What Are Cheese Mites?

A Guide to Detecting and Removing Cheese Mites

Wheels of Swiss mountain cheese
Adrian Studer / Getty Images

If you come across a piece of Mimolette at a French cheese shop, you might look at it with a magnifying glass. You'll likely see a bunch of crumbs moving constantly, tiny specks that sometimes jump. These are cheese mites.

The Definition of Cheese Mites

Cheese mites are microorganisms that exist everywhere, but they especially love the damp, cool atmosphere found in the cave d’affinage, or cheese-aging chamber. They flock to cooked, pressed cheeses like Comté or Cantal, boring into the crust, moving steadily towards the softer center, leaving behind a floral, sweet flavor. If left to their own devices, cheese mites will take over a piece of cheese until it becomes inedible. Many hard kinds of cheese are treated to deter cheese mites. For example, the rind of Parmesan is oiled and cheddar is traditionally wrapped in cloth.

A Brownish Dust

Cheese mites are so tiny that the naked eye can't usually detect them. Their presence is detected by very fine brownish dust on a wheel of cheese. A joke among cheesemongers is that if you brush the "dust" off the rind of a wheel of cheese and a few hours later the "dust" has moved to a new location, you know the cheese has been infested by mites. 

This "dust" is really an accumulation of living mites, dead mites, mite excretion, and cheese debris. It sounds unappetizing but is really quite harmless, unless you have a severe allergy to mites. Mites are present in all different types of dry goods, like grains and flours, without causing direct harm to humans.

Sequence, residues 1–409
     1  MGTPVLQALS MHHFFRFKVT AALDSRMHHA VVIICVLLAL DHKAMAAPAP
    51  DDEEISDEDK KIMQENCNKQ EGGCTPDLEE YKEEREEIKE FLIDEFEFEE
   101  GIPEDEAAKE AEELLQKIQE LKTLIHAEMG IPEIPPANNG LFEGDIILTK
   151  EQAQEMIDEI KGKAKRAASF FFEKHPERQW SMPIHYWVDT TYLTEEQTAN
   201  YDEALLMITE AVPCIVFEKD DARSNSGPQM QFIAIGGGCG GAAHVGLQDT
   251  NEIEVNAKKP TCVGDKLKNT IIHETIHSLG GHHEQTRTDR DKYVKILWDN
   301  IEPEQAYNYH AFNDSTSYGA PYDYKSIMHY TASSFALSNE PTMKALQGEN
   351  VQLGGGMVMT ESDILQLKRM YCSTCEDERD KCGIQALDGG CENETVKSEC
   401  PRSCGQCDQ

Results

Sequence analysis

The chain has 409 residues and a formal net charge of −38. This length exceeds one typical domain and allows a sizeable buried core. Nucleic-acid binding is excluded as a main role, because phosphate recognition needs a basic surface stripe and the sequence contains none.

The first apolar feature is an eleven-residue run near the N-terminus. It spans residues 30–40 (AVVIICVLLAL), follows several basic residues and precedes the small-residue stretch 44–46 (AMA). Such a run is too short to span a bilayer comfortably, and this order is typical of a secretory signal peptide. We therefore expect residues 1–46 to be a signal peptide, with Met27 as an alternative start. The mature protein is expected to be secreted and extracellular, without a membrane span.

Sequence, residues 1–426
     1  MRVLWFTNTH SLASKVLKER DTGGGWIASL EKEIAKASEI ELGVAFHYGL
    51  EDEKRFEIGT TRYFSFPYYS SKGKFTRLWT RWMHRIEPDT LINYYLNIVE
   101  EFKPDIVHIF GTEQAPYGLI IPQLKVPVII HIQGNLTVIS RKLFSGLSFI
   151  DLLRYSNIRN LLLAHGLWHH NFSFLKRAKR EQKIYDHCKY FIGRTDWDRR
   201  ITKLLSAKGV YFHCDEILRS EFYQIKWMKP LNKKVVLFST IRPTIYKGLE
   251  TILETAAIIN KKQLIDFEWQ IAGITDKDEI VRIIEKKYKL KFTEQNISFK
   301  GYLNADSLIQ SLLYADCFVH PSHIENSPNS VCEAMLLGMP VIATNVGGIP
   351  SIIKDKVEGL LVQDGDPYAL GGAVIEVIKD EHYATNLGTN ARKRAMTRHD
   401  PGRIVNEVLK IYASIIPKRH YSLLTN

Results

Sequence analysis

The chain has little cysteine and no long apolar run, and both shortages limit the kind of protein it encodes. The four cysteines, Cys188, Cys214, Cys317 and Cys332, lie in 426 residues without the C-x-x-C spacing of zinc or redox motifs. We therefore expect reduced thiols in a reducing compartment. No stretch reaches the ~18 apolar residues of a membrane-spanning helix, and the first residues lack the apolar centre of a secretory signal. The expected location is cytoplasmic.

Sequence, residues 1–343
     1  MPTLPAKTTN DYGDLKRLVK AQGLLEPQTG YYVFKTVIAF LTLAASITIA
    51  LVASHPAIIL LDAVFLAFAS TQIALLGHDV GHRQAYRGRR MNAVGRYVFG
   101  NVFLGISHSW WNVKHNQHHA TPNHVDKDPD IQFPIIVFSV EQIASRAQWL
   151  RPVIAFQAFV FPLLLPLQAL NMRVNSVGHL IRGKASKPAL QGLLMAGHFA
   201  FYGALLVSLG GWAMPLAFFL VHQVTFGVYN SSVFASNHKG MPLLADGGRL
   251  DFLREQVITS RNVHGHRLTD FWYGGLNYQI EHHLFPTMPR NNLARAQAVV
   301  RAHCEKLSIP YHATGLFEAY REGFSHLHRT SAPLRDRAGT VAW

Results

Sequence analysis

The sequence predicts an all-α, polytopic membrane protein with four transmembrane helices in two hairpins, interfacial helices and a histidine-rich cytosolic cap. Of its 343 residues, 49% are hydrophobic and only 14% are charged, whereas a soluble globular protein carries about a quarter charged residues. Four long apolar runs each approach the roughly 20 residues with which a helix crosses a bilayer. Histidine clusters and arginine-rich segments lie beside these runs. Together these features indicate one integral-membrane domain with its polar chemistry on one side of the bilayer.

Mites tend to be present on the outside of hard cheeses, such as Cheddar and Mimolette. Usually, the mites can be brushed off the rind of the cheese without affecting the flavor of the cheese inside. Some people even think that mites give cheese more flavor, which is the case with Mimolette.

Mimolette and Mites

There is one French cheese that welcomes these microscopic creatures and uses them as part of its aging process: Mimolette. Produced in Lille, near the Dutch-Belgian border, it’s a hard, orange cheese (similar to Edam) with a thick crust riddled with holes. Mimolette starts out like any old pressed cheese, but at one or two months old, it’s taken to a special chamber and inoculated with artisons. They nibble relentlessly, burrowing into the crust, aerating the cheese, and dramatically reducing the Mimolette's bulk. The result is a dense, salty cheese, with earthy, sweet, almost caramel, undertones. Alas, for American cheese lovers, aged Mimolette was banned by the FDA, who declared the excess of mites an allergen and health hazard.

Mite Intervention

One of the key factors in limiting mite damage is early intervention, such as brushing or vacuuming (both must be done regularly to have significant effect) the outside of the cheese. Once the mites work their way under the surface of the cheese they gain a measure of protection from any attempts to disrupt them.

For an interesting story about cheese mites, listen to this podcast of the radio show "Good Food" called "Cheese Mites: Pests or Flavor Enhancers?"